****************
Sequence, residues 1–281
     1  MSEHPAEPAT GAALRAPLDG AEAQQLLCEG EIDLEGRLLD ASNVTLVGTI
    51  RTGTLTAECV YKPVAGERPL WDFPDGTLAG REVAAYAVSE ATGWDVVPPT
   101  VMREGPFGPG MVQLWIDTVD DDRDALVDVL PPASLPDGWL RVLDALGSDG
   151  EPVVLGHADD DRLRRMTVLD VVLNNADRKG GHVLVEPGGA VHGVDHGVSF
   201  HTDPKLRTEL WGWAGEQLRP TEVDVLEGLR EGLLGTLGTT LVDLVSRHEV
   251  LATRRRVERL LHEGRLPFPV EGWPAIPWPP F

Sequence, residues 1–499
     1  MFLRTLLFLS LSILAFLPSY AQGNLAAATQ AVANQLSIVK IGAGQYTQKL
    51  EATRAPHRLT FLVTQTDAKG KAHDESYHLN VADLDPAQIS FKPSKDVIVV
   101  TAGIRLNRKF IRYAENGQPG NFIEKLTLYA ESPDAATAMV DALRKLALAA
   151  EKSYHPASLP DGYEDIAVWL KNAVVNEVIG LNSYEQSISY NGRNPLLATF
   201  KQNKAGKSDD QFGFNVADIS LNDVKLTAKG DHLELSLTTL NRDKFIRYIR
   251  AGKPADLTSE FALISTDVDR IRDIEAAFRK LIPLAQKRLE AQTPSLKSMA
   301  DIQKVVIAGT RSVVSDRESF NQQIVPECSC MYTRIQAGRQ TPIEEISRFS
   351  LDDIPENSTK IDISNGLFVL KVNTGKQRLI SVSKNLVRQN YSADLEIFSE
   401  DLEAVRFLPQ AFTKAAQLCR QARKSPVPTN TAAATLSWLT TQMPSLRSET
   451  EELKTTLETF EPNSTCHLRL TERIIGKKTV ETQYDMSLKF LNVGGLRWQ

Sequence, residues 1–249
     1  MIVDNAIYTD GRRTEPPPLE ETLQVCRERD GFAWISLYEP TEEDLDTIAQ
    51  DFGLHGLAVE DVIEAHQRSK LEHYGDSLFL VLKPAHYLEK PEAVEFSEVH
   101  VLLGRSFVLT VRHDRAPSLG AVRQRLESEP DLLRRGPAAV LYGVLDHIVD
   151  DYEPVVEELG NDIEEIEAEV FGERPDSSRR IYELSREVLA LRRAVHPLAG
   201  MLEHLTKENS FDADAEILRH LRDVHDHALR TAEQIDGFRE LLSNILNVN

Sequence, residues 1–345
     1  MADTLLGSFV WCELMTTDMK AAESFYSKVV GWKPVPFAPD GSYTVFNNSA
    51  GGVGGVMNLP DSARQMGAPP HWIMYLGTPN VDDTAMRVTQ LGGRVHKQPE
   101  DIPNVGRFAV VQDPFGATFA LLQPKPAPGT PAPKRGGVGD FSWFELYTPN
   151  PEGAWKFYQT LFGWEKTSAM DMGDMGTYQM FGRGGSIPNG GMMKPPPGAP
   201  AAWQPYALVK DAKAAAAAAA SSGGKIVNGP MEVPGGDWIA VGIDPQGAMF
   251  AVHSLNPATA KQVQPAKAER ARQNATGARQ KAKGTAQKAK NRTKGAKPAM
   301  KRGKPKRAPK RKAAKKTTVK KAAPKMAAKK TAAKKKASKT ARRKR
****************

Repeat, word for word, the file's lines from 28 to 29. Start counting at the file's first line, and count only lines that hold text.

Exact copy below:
   101  DIPNVGRFAV VQDPFGATFA LLQPKPAPGT PAPKRGGVGD FSWFELYTPN
   151  PEGAWKFYQT LFGWEKTSAM DMGDMGTYQM FGRGGSIPNG GMMKPPPGAP